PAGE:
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ASA makes room for new airman standardsASA makes room for new airman standards

Two columns of floor-to-ceiling warehouse shelves were cleared at Aviation Supplies & Academics to make room for pallets of handbooks containing the new airman certification standards, which go into effect June 15.
Aviation Supplies & Academics owner Mike Lorden, shown in the publication company's warehouse, has cleared shelf space for the new Airman Certification Standards handbooks which go into effect June 15. Photo by David Tulis.

The fresh requirements for airplane private pilot certificates and instrument ratings replace the outdated practical test standards and incorporate techniques to make flying safer and training more relevant.

After years of study by the FAA and key aviation associations including AOPA, the new standards for pilots incorporate task-specific knowledge and risk management elements that comprehensively spell out the requirements needed to pass both the knowledge and practical tests for a certification or rating.

Aviation Supplies & Academics Marketing Coordinator Brian Snider is a rotorcraft pilot and instructor. Photo by David Tulis.ASA Marketing Director Brian Snider, a rotorcraft pilot and instrument instructor, said the new airman certification standards publication simplifies training concepts because it pulls information from a variety of FAA sources into one place and then spells out specific tasks that must be mastered.

Among pilots and their instructors, Snider said there has been some fear about radical changes affecting flight training curriculum “but that’s unwarranted.”

Jackie Spanitz, ASA’s curriculum director, wrote in her flight training blog that industry experts noted “failures on the Fundamentals of Instructing (FOI) FAA Knowledge Exam which directly correlated to a test change we didn’t feel supported safety or reflected a meaningful and relevant exercise.” She said the aviation publisher worked with AOPA and the National Association of Flight Instructors to voice those concerns to the FAA.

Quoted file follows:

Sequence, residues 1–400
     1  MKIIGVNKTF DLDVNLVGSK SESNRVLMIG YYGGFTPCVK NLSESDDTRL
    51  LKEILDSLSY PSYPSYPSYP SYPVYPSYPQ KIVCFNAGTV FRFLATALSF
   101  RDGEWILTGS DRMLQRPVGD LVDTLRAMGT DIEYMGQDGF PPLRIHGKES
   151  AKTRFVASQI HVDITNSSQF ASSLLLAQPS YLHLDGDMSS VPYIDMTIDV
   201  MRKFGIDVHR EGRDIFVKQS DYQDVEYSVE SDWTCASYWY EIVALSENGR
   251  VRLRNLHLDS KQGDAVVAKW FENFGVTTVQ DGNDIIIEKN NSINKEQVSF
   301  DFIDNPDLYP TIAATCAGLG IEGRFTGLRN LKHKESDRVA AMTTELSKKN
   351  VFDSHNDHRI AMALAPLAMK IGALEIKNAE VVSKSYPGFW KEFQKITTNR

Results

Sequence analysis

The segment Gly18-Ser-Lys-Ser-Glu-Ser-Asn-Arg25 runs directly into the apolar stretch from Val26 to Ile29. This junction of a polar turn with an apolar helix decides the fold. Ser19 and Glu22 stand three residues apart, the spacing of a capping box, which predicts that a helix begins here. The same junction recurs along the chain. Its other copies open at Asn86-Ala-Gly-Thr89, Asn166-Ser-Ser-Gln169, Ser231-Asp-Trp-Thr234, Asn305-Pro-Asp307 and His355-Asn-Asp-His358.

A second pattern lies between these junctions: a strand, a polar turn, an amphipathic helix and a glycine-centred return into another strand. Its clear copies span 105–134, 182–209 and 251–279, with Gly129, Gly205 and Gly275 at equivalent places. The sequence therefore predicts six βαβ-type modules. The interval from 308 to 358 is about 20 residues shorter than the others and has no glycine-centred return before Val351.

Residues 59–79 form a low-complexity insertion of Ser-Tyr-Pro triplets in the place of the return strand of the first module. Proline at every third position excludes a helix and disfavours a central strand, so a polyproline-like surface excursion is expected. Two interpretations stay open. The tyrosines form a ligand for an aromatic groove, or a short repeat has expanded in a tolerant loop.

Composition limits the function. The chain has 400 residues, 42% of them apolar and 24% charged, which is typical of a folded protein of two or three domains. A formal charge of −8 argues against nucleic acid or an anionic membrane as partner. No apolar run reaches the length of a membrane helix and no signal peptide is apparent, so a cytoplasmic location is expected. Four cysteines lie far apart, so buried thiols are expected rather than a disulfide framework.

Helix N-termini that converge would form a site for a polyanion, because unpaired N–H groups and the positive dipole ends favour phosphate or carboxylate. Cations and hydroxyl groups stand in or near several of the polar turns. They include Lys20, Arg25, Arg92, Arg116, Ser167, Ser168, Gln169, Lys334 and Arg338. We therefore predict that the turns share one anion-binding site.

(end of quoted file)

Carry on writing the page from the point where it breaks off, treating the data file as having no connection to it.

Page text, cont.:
Spanitz said the FAA was receptive to input from the flight training industry in seeking a resolution “not only to the immediate problem at hand, but to establish a process by which all airman testing would be meaningful and relevant” and ultimately contribute to increased flight safety.

The result of that collaboration is the foundation for the new airman certification standards, which are designed to help pilot applicants understand how knowledge, risk management, and skill elements work together during a checkride and then remain part of a pilot’s toolbelt.

For instructors, the tasks for safe flight are clearly spelled out in the new publication, which ASA says will “serve as a guide to teach and train an applicant on everything they need to know.” Designated pilot examiners conducting a checkride will also have a clear road map to assess an applicant's understanding, knowledge, risk management, and the performance of each task.

“The real difference between the old approach and new one is that the requirements will be set out clearly from the start so applicants can integrate that information into every aspect of their training and preparation,” said David Oord, AOPA senior director of government affairs and chair of the working group that helped revamp the training standards.

“I think there are going to be some adjustments for instructors,” Snider said, “but there’s already been testing of students using the new format and it works well. Hopefully the new standards will tie it all together and make it a better experience” for both instructors and their students.

David Tulis

David Tulis

Associate Editor Web/ePilot
AOPA Associate Editor Web/ePilot David Tulis joined AOPA in 2015 and is a seaplane-rated private pilot who enjoys vintage aircraft, aerobatic flying, and photography.
Topics: Pilot Training and Certification

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